Linkage

Keller’s conjecture (\(\mathbb{M}\)), another new Good Article on Wikipedia. The conjecture was falsified in 1992 with all remaining cases solved by 2019, but the name stuck. It’s about tilings of \(n\)space by unit cubes, and pairs of cubes that share \((n1)\)faces. In 2d, all squares share an edge with a neighbor, but a 3d tiling derived from tetrastix has many cubes with no facetoface neighbor. Up to 7d, some cubes must be facetoface, but tilings in eight or more dimensions can have no facetoface pair.

Italians and bibliometrics (\(\mathbb{M}\)): Luca Trevisan (a leading theorist with 7 SODA papers, 2 FOCS papers, a JACM paper and a SICOMP paper in the last four years) gets dinged for poor productivity as the Italian system only counts journal papers that do not match conference papers. The fact that these are all in top venues is irrelevant, and the conference papers count only negatively against matching journal papers. Comments discuss similar problems in other countries.

What is the computational complexity of dinosaur train tracks? (\(\mathbb{M}\)). Answer: not very high, because the only usable junction, a Y that remembers which way you came through it and sends you the same way if you come back through the other direction, is just not powerful enough to do much.

Congratulations to Martín FarachColton, ShangHua Teng, and all of the other new SIAM Fellows (\(\mathbb{M}\))!

Stephen Wolfram tries to track down what happened to logician Moses Schönfinkel (\(\mathbb{M}\), via), who worked in Göttingen from 1914 to 1924, returned to Moscow, and then “basically vanished”. Wikipedia has more detail about what happened after (mental health issues, death around 1942), but Wolfram says the evidence for all that is weak. He doesn’t make direct progress on Schönfinkel himself but does find some relatives.

How Christian LawsonPerfect got a pen plotter to draw mathematical notation using TeX (\(\mathbb{M}\)).

Aaronson on politicization of research prizes (\(\mathbb{M}\)). Jeff Ullman won the Turing Award despite deplorable (some say racist) treatment of grad applicants for the crime of being Iranian, and Oded Goldreich was blocked from the Israel Prize for antisettlement politics. Politicization is twoedged. I’d rather see Ullman awarded for his worthy contributions, and use the opportunity to decry his abhorrent actions and statements, than subject prizes to litmus tests from all sides.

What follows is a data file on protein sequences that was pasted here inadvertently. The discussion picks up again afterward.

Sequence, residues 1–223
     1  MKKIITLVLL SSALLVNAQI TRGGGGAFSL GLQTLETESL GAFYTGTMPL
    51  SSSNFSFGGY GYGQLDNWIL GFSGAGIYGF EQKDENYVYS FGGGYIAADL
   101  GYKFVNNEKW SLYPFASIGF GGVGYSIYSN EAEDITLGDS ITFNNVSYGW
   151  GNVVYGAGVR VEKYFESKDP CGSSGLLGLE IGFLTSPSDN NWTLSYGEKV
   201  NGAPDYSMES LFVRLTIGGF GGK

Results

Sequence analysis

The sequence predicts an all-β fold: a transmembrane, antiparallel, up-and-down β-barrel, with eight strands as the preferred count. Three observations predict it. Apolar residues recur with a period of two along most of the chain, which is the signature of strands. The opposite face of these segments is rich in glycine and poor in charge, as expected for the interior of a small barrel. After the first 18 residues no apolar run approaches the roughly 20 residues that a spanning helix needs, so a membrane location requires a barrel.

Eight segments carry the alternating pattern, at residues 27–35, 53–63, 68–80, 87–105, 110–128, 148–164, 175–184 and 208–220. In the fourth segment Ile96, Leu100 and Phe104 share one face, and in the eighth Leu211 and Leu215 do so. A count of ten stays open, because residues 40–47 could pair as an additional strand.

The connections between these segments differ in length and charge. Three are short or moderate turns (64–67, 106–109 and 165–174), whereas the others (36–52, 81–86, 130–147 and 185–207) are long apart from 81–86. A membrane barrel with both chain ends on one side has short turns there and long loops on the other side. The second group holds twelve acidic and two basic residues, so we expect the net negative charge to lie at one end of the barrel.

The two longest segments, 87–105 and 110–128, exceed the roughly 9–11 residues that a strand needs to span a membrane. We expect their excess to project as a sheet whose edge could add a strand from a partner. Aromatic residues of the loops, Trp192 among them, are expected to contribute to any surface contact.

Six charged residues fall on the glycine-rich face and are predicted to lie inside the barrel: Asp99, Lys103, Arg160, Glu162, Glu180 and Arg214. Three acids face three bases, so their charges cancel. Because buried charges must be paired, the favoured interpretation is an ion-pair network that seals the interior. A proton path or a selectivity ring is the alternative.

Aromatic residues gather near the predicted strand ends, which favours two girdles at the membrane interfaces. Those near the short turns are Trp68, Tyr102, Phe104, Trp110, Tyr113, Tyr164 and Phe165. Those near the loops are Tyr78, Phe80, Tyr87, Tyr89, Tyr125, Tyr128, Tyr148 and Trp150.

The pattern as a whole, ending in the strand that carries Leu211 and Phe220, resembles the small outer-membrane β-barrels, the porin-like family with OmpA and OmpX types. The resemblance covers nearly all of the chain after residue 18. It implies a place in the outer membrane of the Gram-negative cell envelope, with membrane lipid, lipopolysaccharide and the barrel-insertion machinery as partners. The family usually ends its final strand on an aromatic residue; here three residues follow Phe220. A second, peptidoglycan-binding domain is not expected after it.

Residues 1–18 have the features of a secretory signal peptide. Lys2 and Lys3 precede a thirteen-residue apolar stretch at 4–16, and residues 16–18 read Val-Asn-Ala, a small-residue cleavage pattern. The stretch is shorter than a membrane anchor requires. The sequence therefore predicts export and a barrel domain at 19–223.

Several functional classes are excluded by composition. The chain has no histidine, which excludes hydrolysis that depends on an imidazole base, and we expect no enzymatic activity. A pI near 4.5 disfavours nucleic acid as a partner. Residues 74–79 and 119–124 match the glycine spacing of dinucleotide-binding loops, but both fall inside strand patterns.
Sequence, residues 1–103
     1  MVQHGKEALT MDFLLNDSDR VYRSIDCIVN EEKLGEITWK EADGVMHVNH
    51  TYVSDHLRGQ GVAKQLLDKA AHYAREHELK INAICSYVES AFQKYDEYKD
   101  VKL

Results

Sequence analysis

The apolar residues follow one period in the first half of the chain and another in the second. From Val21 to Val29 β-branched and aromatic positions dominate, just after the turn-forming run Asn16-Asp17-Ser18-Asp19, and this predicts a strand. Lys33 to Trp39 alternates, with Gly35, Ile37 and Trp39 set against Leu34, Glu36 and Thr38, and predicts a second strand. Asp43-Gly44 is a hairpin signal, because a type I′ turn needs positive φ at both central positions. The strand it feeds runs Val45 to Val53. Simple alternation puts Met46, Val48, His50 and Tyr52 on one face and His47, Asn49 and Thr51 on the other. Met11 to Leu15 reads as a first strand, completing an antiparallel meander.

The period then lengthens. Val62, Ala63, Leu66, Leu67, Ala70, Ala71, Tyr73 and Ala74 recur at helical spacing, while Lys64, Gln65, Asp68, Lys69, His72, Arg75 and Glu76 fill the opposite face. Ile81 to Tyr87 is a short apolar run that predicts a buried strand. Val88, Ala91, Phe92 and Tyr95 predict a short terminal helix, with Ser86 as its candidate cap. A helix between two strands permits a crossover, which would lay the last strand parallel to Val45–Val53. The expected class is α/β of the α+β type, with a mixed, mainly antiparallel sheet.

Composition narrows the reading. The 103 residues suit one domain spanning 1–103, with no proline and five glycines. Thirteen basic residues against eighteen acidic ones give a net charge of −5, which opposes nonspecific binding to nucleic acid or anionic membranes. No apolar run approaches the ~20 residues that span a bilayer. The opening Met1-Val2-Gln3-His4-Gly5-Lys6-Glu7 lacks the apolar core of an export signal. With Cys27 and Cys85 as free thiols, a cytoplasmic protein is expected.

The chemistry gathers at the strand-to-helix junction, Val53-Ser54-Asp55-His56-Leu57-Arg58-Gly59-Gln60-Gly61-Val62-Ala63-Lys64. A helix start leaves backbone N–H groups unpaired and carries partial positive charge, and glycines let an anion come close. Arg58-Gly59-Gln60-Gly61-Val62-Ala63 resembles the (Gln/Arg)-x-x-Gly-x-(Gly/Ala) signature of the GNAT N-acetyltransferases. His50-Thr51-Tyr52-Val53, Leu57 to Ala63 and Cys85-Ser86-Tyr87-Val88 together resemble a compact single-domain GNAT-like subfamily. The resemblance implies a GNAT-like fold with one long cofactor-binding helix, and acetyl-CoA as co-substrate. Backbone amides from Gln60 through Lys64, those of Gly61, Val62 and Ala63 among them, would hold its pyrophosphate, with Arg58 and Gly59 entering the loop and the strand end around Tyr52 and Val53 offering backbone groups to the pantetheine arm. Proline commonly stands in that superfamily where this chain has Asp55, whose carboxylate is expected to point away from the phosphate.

Circles, polygons and the KeplerBouwkamp constant (\(\mathbb{M}\)). On the limiting behavior of infinitelynested shapes alternating between circles and polygons with increasing numbers of sides.

Continuing gender bias in who sees jobopening ads on Facebook (\(\mathbb{M}\), via): if an employer or industry has historically skewed male or female, Facebook replicates that bias, even for pairs of ads with identical qualifications. This is illegal, but Facebook appears unable to find a technical fix and unwilling to apply the obvious fix of not targeting its ads even when that targeting is illegal. As usual for Hacker News via links on topics related to social justice, don’t read the comments there.

Amusing quote from McLarty’s 2003 “Grothendieck on simplicity and generality” (\(\mathbb{M}\), via): “Serre created a series of concise elegant tools which Grothendieck and coworkers simplified into thousands of pages of category theory.” Nowadays I guess the people doing this sort of simplification are the ones formulating machineverifiable proofs…

WADS 2021 accepted papers (\(\mathbb{M}\)). The biennial Algorithms and Data Structures Symposium is usually in Canada, and this time was supposed to be in Halifax, but is looking very likely to be completely online, this August. I have one paper on the list; I’ll write more about it later when I have a preprint version ready to share.

A “confounding topological curiosity” (\(\mathbb{M}\), via): a double torus with a line through one of its holes can be continuously transformed so that the line instead goes through both holes.

Strange inverses in the group rings of torsionfree groups (\(\mathbb{M}\), via, see also). This result of Giles Gardam disproves the strongest of the three Kaplansky conjectures on group rings. It’s just an isolated example at this point but it does show that group rings are less wellbehaved than had been hoped.